Q. I want to be a lawyer. What do I do?
A. Oh my gosh! Don’t let your mama hear you talk like that. You might get your mouth washed out with soap. (Just kidding—at least for most mamas, I hope.)
In my opinion, earning a law degree is one of the last truly encyclopedic areas of study available. That piece of paper called a law degree can serve as your passport to many areas of professional adventure, such as courtroom work like Perry Mason or an "in office" practice where areas of concentration could include business, tax, domestic issues, real estate, government, or financial and estate planning, just to name a few.
But many lawyers never practice law, opting for careers in teaching, business, real estate, government, and yes, even journalism.
Although there are "pre-law majors" at the university level, traditionally any area of study can serve as a stepping stone to law school. The conventional wisdom that we used on the law school admission committee that I served on held that liberal arts and English majors made the best law students while students trained in the sciences had the harder time adjusting to law school. So in college take a wide variety of classes, not only to give you depth and insight into human nature and societal infrastructure, but if you find your true passion, do not hesitate to pursue it as opposed to law school.
Everything that you have heard about the first year of law school is true. Except for medical and vet students, probably you will (or should) work harder than in any other graduate school setting. Law school opportunities such as law review and even many future job interviews are for the most part based on those first year grades.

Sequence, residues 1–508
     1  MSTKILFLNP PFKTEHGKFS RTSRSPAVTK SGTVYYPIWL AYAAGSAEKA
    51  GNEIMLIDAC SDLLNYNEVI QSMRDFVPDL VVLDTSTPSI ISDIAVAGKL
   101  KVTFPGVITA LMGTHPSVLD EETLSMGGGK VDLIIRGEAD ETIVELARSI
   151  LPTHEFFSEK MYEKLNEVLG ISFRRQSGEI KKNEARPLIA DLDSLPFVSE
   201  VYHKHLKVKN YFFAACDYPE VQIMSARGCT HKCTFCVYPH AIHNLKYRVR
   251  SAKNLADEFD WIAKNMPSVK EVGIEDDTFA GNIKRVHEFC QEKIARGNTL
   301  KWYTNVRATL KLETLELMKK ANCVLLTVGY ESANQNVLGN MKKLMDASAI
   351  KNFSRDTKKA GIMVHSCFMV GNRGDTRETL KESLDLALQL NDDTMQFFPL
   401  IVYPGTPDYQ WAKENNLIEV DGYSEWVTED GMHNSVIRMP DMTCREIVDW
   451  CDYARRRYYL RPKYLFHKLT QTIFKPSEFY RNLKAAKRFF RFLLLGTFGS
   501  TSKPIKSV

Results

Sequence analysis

In order to be licensed as an attorney, I believe there are only two states remaining where you do not need to go to college or law school. "Reading law" in a law office and working with an attorney for a certain number of years still qualify a person to sit for the bar examine in those states.
Some law schools will accept an applicant with several years of college work but no undergraduate degree. But for the vast majority of would-be legal eagles, the process requires a college degree (traditionally four years) and a law degree (another three years). Thereafter, taking and passing the dreaded bar exam must be endured (along with getting that first job).
Picking a law school needs to be given some thought. As a bit of gratuitous advice, I suggest you decide on your initial life’s goal. If teaching at the law school level, or working for the government, or landing a business position with that top corporation, or working for a top law firm (or satisfying your ego) is the desired goal, attend a "top" law school. If practicing law is what you want to do, then pick a school in the desired state or region. Meeting classmates two years in front of you, in your class, and two years behind you can be invaluable in the future. Also learning the local rules and nuances of practice can be crucial for a young lawyer. If landing a non-traditional legal position is for you, then find the schools with such a program.
Do not go into law for "the money." It is my observation that most lawyers are comfortable but could be making much more money in other jobs and working a lot less.
Finally, it is never too late to go to law school. I know a number of 50 and 60-year-olds who could benefit from this kind of training but consider themselves too old to try. So if you do not go right after college, remember law school is always an option at a later date.
Now for the general reader of this column that has gotten this far, do not be saying to yourself, "Oh great, that’s all we need—another lawyer!" As you recall from a previous column, among all nations, the United States probably ranks around 25th for the number of per capita "lawyers" (people who have specialized legal training and use that training in a judicial or semi-judicial setting, or give legal advice).
So, mamas, it might not be so terrible to take Willie Nelson’s advice and let your babies grow up to be "lawyers and such."